To deal with the growing problem of restaurant kitchen waste, the Food and Drug Administration is calling on consumers to use a doggy bag after dining at a restaurant.
If customers don’t take the leftover food with them, they could be fined in the future. The punishment is part of the plan that could be introduced by the Taiwan Food and Drug Administration. The plan is aimed at reducing kitchen waste and encouraging the public not to waste food.
Right now, 70% of Taiwan’s kitchen waste is used for feeding pigs. FDA figures show kitchen waste collected from some 2,600 restaurants islandwide reached over 17,000 tons in 2016. A year later, that figure jumped to more than 23,000 tons, which was collected from 2,850 restaurants.
To curb the spread of African swine fever, local governments have introduced a policy that bans feeding pigs with kitchen waste. But how can kitchen waste be reduced? The administration has come up with a doggy bag policy to address the issue. An official said if the policy does not produce positive results, the FDA does not rule out imposing fines on customers, such as Germany does.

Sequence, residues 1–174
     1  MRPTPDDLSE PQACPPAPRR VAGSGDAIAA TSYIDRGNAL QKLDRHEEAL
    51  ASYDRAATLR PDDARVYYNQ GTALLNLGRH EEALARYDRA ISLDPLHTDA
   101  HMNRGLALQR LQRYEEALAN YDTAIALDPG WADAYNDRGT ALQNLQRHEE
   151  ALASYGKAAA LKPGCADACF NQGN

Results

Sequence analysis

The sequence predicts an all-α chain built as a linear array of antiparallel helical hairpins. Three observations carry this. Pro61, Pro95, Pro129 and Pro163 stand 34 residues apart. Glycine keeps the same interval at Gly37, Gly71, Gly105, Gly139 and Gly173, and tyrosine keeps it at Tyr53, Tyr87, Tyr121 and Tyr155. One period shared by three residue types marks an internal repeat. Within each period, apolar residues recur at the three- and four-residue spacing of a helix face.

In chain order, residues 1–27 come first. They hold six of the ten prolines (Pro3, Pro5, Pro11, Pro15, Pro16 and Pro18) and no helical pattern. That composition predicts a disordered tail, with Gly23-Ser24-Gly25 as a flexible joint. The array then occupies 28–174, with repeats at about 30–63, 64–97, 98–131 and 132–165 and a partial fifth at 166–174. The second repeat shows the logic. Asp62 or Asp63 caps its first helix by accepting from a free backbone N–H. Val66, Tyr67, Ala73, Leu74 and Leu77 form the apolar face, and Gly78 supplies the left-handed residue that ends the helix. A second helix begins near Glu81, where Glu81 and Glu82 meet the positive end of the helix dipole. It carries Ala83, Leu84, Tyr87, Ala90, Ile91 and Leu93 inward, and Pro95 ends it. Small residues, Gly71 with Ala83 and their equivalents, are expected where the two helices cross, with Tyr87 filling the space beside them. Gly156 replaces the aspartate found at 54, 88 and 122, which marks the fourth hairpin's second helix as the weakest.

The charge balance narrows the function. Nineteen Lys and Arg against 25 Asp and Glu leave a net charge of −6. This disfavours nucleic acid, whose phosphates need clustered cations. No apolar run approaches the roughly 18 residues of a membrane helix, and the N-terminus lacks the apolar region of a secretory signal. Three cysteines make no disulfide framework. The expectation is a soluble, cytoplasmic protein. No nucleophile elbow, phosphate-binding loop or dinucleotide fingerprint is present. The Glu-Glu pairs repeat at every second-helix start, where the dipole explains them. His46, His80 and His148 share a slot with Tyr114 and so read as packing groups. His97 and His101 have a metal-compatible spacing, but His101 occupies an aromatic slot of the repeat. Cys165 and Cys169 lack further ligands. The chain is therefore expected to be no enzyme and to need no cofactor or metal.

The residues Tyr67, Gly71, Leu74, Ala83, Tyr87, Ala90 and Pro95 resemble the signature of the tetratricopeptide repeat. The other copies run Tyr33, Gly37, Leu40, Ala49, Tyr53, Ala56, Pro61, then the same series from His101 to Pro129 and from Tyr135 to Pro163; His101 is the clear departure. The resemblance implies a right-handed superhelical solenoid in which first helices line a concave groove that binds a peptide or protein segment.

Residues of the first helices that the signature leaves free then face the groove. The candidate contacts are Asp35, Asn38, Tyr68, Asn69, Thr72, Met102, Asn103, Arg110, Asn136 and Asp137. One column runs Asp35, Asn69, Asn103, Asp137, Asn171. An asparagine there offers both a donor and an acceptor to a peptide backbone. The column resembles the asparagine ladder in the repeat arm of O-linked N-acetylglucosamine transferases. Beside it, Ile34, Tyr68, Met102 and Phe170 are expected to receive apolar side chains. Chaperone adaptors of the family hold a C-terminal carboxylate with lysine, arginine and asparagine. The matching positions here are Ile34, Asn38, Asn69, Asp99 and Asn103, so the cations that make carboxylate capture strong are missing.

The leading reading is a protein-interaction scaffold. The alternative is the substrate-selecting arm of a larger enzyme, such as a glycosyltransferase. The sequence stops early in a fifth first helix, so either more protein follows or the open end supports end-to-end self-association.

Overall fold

One customer said he will take leftovers home with him because it’s not worth paying the fine. Another customer agreed with the government’s new doggy bag policy. Perhaps another way to reduce waste is to order no more than you need.